On 16/10/16 01:15, Lars Schneider wrote:
>> On 15 Oct 2016, at 14:01, Ramsay Jones <ram...@ramsayjones.plus.com> wrote:
>> On 15/10/16 16:05, Lars Schneider wrote:
>>>> On 11 Oct 2016, at 16:46, Ramsay Jones <ram...@ramsayjones.plus.com> wrote:
>> [snip]
>>>> -void stop_multi_file_filter(struct child_process *process)
>>>> +static void stop_multi_file_filter(struct child_process *process)
>>> Done! Do you have some kind of script to detect these things
>>> automatically or do you read the code that carefully?
>> Heh, I'm _far_ too lazy to read the code that carefully. :-D
>> A combination of 'make sparse' and a perl script (originally
>> posted to the list by Junio) find all of these for me.
> Interesting. Do you have a link to this script?

I'm attaching _a_ version of the script (you would think that
I would have it under version control; but no, I copy versions
around the several machines/git.git repos I have ... :-P ).

> Does it generate false positives? 

Hmm, well, you have to remember that 'make clean' sometimes
doesn't make clean. Ever since the Makefile was changed to only
remove $(OBJECTS), rather than *.o xdiff/*.o etc., you have to
remember to 'make clean' _before_ you switch branches. Otherwise,
you risk leaving some objects laying around. Since the script
runs 'nm' on all objects it finds, any stale ones can cause problems.
(Of course, I almost always forget, so I frequently have to manually
check for and remove stale objects!)

Also, you have to interpret the results of the script. Just because
it shows you an unused external, that doesn't make it an error.
The way I use it, BTW, is to run it on a freshly built branch (saving
to a file) and then compare the files from master->next->pu.
I don't bother looking at the output on master (the 'stop list' in
the script is _way_ out of date), just the diffs master->next and

The current next->pu diff looks like:

    $ diff nsc psc
    > attr.o    - attr_name_valid
    > attr.o    - invalid_attr_name_message
    > convert.o - stop_multi_file_filter
    < quote.o   - sq_quotef
    > sequencer.o       - append_new_todo
    > trailer.o - conf_head
    > wt-status.o       - has_uncommitted_changes
    > wt-status.o       - has_unstaged_changes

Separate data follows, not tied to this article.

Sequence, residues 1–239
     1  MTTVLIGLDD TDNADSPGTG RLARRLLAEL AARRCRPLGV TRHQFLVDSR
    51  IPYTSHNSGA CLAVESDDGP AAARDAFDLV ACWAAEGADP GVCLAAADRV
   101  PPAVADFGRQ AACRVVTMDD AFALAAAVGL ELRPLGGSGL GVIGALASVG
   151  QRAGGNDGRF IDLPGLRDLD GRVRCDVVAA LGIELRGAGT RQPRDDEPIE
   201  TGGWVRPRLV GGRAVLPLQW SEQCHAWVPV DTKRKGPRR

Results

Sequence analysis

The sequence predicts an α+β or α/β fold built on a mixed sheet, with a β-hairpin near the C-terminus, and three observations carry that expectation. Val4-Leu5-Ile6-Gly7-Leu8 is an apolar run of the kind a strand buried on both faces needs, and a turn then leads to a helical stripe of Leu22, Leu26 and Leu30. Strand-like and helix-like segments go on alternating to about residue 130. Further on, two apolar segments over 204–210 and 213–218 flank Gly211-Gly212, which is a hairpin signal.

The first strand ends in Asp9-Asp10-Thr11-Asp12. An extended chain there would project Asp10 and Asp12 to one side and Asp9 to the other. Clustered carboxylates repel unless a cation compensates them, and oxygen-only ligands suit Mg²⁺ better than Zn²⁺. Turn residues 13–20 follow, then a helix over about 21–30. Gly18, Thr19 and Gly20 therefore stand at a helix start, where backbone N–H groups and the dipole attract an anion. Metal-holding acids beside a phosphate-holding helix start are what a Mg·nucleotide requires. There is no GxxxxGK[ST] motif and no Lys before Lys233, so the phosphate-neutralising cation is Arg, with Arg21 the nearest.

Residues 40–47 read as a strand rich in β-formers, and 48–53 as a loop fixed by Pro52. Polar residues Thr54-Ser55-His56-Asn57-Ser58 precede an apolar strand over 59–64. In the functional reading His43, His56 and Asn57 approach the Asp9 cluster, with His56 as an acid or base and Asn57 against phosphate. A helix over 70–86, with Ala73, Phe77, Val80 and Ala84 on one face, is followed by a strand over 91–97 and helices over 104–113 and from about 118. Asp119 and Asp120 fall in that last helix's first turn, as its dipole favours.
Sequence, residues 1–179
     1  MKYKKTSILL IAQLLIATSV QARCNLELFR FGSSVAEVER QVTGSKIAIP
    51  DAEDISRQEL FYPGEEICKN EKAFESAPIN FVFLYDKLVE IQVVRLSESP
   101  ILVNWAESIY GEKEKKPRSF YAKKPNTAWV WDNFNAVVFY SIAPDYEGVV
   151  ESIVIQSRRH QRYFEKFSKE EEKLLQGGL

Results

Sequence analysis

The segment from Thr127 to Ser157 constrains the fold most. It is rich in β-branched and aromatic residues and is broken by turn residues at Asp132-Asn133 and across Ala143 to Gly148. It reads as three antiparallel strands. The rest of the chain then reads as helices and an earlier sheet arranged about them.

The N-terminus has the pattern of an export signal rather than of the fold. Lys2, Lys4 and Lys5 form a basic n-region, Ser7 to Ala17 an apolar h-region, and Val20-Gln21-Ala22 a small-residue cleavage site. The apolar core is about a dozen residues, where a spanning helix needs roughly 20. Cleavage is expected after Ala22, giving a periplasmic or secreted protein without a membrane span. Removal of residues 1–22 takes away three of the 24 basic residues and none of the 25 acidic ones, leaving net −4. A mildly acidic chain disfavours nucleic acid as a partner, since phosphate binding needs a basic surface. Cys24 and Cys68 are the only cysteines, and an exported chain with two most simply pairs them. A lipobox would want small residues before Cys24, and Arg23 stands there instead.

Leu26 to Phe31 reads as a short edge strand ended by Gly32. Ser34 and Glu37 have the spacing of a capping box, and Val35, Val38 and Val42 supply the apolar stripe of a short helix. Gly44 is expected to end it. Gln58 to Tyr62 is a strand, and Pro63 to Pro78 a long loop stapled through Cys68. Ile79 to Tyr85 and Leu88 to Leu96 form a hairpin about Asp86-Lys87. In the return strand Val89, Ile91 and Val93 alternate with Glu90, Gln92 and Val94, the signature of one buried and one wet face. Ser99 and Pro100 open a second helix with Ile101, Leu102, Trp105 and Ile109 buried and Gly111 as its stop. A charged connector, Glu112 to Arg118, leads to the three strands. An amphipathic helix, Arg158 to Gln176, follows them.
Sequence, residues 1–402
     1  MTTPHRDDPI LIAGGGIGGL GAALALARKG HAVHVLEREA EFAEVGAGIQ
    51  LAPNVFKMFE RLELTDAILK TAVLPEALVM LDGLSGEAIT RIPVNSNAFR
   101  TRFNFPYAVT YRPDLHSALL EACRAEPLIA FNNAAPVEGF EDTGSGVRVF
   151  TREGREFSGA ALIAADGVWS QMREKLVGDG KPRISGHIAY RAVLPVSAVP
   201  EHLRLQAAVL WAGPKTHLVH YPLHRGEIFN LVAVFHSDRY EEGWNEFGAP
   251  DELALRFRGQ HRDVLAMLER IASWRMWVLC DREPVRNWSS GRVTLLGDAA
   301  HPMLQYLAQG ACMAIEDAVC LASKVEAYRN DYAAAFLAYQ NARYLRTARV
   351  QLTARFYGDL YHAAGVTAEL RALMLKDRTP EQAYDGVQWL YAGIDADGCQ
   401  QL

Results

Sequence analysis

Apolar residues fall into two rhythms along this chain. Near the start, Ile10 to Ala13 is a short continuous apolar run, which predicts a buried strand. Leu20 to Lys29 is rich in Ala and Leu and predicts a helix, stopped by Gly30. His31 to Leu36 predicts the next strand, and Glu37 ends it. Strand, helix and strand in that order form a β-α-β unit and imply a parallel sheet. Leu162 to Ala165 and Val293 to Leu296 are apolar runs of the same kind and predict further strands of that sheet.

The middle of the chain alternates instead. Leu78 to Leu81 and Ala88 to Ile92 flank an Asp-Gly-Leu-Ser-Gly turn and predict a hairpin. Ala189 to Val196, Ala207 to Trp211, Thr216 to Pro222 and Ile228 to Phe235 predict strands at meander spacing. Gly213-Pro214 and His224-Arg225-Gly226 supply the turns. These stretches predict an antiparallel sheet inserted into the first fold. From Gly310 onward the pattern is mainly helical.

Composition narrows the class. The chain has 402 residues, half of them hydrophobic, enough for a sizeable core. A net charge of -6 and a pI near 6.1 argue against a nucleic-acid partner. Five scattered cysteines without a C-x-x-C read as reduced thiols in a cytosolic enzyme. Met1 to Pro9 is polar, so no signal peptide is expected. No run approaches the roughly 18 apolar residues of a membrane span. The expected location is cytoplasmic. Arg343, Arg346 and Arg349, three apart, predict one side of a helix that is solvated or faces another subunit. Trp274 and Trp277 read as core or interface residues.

I have already sent mails about 'stop_multi_file_filter',
'append_new_todo' and 'conf_head'. The symbols in attr.o are
part of the revamp of the attribute system that Junio and Stefan
are working on, which is very much in flux. If they are still
there when it looks to have firmed up, then I will take a look.
The 'sq_quotef' symbol is an example of a useful function that was
written without having an immediate user (actually, if memory serves
correctly, it was originally used in the series which introduced it,
but later modifications removed the caller). It now has a user. The wt-status.o 
symbols have been introduced by Johannes in his 'rebase -i'
series (of series) and I am assuming that these symbols will find
additional external callers in up-coming series.

> Maybe I can add `make sparse` to the TravisCI build?

I don't know how feasible that would be. Apparently, the version of
sparse in most distribution repositories is so old that it spews so
many spurious errors as to make it unusable. See, for example:


So, you would need to build from source to get a usable version (I am
currently running a version built with some local patches). If you were
to build from the sparse repo's master branch, then it would work great
on Linux, at least. I have no idea if it would work on mac OS X.

However, even then, a single sparse warning is issued on Linux (for
the master branch, several others on pu):

        SP pack-revindex.c
    pack-revindex.c:65:23: warning: memset with byte count of 262144

This is a problem with sparse (the byte count limit used is hardcoded
into sparse), but I haven't sent a patch upstream to fix it yet.
(I've been looking at that warning for _many_ years, so don't hold
your breath!)

Ramsay Jones

Attachment: static-check.pl
Description: Perl program

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